Climate Experts Say The Clean Electricity Program Is Vital. Can Democrats Save It?
On this edition of Your Call, we’re discussing the Clean Energy Performance Program, which would pay electric utility companies that switch from fossil fuels to renewable or clean energy sources and fine those that don’t. The electricity sector produces about a quarter of the country’s greenhouse gases.
According to a report in last week’s New York Times, the program will likely be dropped from the reconciliation bill, according to congressional staffers and lobbyists familiar with the matter. The Times reports that Senator Joe Manchin, the Democrat from coal-rich West Virginia who has personal financial ties to the coal industry, has told the White House that he strongly opposes the clean electricity performance program. But during a CNN town hall on Thursday night, President Biden said he would protect $150 billion in clean energy funding if the program is dropped from the Democrats’ bill.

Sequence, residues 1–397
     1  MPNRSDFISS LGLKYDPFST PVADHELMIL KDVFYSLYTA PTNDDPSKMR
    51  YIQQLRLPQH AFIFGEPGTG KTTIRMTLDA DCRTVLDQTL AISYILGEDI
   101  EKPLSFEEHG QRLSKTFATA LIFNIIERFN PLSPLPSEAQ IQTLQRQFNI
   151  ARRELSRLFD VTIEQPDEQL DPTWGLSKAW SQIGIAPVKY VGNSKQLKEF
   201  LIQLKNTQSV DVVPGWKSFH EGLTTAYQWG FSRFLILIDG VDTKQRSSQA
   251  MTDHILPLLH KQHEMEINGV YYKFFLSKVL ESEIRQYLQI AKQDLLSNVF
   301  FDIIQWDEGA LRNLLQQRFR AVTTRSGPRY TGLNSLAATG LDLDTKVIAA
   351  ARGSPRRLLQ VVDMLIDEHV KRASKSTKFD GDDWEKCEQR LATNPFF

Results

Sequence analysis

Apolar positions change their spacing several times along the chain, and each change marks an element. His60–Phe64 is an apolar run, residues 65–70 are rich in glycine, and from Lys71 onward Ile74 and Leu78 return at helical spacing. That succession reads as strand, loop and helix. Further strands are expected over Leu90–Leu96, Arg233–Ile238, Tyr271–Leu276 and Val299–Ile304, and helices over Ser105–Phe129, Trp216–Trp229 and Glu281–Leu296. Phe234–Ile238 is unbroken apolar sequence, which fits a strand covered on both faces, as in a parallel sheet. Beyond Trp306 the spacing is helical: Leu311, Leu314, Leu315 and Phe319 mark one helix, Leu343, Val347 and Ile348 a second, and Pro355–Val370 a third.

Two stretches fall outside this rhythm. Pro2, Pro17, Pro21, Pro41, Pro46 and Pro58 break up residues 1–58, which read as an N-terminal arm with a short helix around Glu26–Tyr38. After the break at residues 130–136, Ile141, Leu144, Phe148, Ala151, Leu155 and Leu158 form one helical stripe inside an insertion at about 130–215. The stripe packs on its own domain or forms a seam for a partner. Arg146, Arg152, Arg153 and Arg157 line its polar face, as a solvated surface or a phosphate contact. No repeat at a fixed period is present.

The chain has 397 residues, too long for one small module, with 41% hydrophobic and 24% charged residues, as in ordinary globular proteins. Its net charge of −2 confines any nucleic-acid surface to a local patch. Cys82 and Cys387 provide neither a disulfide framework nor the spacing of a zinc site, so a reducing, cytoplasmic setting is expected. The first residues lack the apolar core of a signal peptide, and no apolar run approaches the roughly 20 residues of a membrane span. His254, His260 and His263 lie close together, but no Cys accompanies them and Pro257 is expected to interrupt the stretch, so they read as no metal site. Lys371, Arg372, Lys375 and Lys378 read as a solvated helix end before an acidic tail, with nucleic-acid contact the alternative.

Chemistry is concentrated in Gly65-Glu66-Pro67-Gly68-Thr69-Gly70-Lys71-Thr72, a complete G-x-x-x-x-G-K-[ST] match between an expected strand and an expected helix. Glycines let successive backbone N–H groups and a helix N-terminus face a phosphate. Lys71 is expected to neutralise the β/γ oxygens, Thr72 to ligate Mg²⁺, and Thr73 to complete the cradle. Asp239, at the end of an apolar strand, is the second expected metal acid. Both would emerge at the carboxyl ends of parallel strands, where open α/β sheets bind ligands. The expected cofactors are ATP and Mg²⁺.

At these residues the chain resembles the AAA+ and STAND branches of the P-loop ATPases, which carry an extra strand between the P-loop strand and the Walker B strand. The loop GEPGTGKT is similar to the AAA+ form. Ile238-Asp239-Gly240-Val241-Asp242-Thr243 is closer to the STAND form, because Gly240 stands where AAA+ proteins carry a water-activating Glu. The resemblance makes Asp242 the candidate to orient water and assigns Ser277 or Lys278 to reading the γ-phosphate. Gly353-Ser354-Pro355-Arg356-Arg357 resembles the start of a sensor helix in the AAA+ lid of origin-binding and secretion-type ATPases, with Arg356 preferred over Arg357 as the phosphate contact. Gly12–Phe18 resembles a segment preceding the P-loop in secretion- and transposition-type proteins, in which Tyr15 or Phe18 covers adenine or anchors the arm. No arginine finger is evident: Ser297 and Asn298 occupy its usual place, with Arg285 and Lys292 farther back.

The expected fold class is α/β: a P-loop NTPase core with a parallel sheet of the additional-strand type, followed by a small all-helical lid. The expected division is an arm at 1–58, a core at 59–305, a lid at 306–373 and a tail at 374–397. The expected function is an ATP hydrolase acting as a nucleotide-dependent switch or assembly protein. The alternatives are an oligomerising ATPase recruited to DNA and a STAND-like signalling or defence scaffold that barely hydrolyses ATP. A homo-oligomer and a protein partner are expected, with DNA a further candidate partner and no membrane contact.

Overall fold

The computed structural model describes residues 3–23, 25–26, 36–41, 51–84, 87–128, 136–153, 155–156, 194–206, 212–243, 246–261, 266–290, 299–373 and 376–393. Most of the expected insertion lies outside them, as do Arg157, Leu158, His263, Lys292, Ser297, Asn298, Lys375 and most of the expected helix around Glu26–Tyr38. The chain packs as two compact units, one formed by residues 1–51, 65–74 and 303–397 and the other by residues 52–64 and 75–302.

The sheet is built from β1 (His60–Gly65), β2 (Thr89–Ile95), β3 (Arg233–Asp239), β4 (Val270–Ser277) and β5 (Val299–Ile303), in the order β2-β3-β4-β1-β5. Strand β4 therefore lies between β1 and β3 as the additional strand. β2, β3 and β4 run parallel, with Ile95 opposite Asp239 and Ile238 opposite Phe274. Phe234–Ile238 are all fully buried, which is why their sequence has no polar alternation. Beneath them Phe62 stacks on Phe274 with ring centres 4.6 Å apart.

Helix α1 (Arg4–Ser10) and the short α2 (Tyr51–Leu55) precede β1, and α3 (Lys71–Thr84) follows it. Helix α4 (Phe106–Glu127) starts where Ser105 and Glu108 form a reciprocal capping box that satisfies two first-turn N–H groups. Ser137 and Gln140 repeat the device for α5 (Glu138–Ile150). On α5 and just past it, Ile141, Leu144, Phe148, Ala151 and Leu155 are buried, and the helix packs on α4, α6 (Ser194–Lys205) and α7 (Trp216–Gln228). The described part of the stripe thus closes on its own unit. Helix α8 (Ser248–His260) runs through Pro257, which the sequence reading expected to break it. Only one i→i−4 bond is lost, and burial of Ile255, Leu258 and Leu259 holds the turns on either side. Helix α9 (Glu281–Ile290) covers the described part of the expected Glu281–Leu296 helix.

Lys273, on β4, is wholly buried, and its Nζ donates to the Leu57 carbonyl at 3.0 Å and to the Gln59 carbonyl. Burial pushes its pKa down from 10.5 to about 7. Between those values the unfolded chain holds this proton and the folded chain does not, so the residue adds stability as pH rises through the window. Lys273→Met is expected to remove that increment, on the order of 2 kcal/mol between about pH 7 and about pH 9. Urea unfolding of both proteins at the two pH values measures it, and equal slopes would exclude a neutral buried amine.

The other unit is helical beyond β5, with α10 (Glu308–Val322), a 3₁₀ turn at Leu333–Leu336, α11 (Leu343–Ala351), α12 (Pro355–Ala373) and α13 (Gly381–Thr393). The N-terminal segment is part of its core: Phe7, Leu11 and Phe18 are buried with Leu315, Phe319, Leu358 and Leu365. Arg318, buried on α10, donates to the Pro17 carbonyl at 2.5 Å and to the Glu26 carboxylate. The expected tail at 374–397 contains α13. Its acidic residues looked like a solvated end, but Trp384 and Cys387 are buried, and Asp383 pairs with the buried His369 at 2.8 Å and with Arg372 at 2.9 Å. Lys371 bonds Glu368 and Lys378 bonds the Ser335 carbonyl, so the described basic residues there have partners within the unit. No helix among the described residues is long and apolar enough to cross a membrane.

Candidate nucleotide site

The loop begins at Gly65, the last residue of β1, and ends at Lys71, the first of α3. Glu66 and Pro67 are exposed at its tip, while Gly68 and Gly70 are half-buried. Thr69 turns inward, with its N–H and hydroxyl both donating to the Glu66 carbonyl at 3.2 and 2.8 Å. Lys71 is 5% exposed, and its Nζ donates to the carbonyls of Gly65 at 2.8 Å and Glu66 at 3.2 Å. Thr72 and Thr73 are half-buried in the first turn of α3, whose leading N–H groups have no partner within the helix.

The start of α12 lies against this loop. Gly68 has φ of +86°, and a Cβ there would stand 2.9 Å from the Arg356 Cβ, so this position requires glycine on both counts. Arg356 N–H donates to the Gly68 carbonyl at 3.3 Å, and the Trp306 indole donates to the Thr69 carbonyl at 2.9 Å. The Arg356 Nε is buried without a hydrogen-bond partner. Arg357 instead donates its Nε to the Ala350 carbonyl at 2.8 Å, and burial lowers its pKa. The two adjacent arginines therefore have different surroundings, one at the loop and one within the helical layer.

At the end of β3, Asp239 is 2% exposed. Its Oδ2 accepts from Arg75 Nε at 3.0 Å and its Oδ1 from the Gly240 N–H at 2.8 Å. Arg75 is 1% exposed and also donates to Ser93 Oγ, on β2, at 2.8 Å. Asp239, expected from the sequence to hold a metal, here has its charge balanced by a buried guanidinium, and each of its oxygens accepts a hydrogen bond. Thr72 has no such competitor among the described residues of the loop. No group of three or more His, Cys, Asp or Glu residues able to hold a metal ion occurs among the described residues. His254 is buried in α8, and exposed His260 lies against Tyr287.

Leah Stokes, an expert on climate policy, who has been advising Senate Democrats on how to craft the program, told the New York Times this would be the strongest climate change policy ever enacted by the United States. “We fundamentally need it to meet our climate goals. That’s just the reality."
Jamal Raad, co-founder and executive director for Evergreen Action, a group of Governor Jay Inslee for America staffers who are on a mission to defeat the climate crisis and create 8 million jobs in a clean energy economy
NBC News: Clean energy program likely to be dropped because of Manchin's objections
Evergreen: REALITY CHECK: The Clean Electricity Transition We Need To Meet President Biden’s Goals Isn’t “Already Happening”